That's right, and now it's really easy for us to see, isn't it? That this part here that's missing should definitely be a square because everything has to be or have the same attributes.

[Screen shows Michelle removing the counter and replacing it with a square.]

That's right, and so if we put this back.

[Screen shows Michelle now moving the shapes back into a horizontal line.]

We can now say this one here that was missing was in fact a square.

[Screen shows Michelle placing the counter on top of the missing square. She removes the counter.]

Do you want to try that again?

OK, close your eyes and just in case, I think I'm going to make this one tricky or challenging, which is really nice cause we love it when our brains sweat as mathematicians, OK?

Oh yeah.

[Screen shows Michelle covering the pattern whilst she removes 2 shapes.]

Alright, little mathematicians. What are you thinking now?

[Screen shows the fourth and seventh shapes in the pattern are now missing.]

Um, that's right, so you can see this time there's 2 objects missing aren't there?

[Screen shows Michelle now placing 2 counters in the empty spaces.]

So, one missing from here, and the other's missing from there.

Um, that's right, and this time it can sometimes be a bit harder to work out what's missing because, we don't get that repeating sort of sound of square, triangle, square, triangle, square, triangle to help us out because it's this fourth one here, that's missing.

Oh yeah, but we've heard it a few times now, haven't we?

Should we use our strategy of moving our core around to check? Ok.

So, so let's imagine this, where here's what we think our pattern core is, the square and the triangle, well we know it is cause we've established that and we'll move these down to here and this down here and these ones down here and now….

[Screen shows Michelle moving the shapes in groups of 2 underneath the first 2 shapes, creating 2 vertical rows. The first row is made up of squares, the second row is made out of triangles.]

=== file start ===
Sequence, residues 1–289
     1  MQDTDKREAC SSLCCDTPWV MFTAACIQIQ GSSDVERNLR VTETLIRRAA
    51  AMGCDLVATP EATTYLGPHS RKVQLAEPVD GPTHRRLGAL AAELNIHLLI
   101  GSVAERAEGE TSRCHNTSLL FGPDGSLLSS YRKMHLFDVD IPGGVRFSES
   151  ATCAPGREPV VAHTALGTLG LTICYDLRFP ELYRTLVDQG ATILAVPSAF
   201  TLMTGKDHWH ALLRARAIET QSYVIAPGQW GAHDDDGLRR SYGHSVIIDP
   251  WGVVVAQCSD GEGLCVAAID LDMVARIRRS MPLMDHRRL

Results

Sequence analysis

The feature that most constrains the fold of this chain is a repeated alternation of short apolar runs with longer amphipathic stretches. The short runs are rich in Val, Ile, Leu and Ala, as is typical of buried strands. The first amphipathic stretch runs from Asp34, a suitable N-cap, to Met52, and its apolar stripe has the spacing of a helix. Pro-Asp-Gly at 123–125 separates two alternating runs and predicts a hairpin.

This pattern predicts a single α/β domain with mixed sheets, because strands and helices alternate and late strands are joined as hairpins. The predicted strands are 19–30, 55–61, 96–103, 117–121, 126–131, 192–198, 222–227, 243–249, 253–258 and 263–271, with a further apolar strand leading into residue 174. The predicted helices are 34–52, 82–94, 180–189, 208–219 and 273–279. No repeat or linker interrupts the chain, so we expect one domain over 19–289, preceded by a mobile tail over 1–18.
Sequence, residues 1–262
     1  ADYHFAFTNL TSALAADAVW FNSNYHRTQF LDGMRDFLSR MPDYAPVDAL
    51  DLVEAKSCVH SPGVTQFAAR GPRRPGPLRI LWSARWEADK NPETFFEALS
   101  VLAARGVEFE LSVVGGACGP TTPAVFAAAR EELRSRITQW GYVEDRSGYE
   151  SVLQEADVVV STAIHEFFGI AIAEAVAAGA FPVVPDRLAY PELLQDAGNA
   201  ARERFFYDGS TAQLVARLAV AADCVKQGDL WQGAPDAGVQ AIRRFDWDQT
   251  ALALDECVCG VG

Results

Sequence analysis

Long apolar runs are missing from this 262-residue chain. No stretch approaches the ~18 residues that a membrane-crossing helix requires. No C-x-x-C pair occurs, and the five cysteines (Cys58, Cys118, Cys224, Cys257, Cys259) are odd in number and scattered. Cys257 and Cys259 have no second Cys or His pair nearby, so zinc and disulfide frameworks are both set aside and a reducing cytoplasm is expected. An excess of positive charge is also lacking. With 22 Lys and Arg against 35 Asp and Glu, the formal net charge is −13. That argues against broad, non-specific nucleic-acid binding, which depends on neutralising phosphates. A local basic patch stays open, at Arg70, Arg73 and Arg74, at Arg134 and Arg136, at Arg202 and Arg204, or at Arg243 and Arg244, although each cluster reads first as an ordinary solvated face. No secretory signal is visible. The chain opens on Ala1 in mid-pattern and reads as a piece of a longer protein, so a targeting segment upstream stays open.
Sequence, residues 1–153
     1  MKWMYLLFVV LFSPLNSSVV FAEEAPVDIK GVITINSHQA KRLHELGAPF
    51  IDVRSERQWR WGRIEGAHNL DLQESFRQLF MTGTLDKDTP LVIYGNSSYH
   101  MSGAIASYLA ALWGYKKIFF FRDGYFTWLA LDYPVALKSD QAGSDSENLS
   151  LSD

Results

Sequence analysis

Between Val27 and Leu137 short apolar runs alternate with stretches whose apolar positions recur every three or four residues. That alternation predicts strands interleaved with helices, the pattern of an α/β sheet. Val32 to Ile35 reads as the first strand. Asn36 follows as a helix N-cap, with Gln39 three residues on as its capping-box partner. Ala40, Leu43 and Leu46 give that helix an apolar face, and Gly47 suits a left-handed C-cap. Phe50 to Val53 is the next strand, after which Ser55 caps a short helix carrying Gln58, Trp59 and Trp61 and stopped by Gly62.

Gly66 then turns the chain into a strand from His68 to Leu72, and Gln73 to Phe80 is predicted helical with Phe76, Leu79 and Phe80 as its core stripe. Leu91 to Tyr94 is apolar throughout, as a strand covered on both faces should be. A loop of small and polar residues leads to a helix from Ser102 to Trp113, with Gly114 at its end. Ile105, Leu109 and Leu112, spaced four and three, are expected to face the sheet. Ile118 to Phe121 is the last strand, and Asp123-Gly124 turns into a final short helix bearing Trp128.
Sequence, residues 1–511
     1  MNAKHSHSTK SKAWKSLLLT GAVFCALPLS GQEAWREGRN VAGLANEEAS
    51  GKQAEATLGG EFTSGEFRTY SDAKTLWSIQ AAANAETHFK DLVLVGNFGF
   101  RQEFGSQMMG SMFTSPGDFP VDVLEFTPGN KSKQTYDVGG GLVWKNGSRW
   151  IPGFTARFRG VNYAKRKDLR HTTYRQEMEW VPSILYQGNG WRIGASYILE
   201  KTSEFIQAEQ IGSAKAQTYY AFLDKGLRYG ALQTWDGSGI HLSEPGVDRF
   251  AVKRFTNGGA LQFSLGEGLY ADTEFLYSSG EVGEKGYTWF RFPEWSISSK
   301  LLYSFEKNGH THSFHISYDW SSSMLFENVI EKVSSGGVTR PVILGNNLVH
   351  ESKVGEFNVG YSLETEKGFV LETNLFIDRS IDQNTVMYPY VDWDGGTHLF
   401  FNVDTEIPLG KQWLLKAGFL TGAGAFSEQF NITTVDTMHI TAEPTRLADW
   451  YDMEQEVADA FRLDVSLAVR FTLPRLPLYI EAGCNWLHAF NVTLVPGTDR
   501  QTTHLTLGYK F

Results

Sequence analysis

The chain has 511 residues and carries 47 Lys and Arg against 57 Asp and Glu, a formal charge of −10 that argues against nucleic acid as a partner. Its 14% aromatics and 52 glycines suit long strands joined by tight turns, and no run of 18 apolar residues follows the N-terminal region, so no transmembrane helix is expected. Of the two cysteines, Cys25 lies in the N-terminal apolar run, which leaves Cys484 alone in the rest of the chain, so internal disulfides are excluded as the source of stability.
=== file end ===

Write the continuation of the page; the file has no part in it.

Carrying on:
We can see that's right, this one here we should replace with a... triangle, and this one should be a? ...square. That's right!

[Screen shows Michelle placing a square over the counter in the first column and a triangle over the counter in the second column.]

And if I move these back up to here, this one here that we thought was missing was a triangle and this one that was missing is a square.

[Screen shows Michelle now moving the shapes back into a horizontal line and removing the 2 counters which were under the triangle and square.]

It's a really interesting strategy, isn't it? About ways of investigating things that are missing.

I wonder if we could use that on a pattern that's a little bit trickier.

Let's see so I've got some other things here, and I'm going to make myself a pattern – stand by mathematicians.

[Screen shows Michelle covering the pattern whilst she adds additional shapes to form another pattern.]

Whoa, can you see that pattern now?

OK, and what are you thinking, first of all, is the core of our pattern? Should we read it together? OK.

Square, triangle, triangle. square, triangle, triangle. square, triangle, triangle, square, triangle.

Um, so if it was a pattern like before, where we had 2 things in our core, I could move these like this, and already can you see that too?

[Screen shows Michelle moving the third and fourth shapes in the row underneath the first and second.]

Yeah, what's the problem?

Yeah, that's right, this should be a square. If it was still a pattern. So, so that one didn't quite work, I wonder...

[Screen shows Michelle tapping on the shapes showing they are not a pattern. She moves them back into the row.]

Ah, I hear what you're thinking.

You think there might be 3 things inside the core? Let's see.

So, if it goes square, triangle, triangle, these things should move down here.

[Screen shows Michelle moving the pattern cores into rows. Each row has a square and then 2 triangles.]

Ah, does that look better? I see, and these things too? Square, triangle, triangle, and then...square, triangle.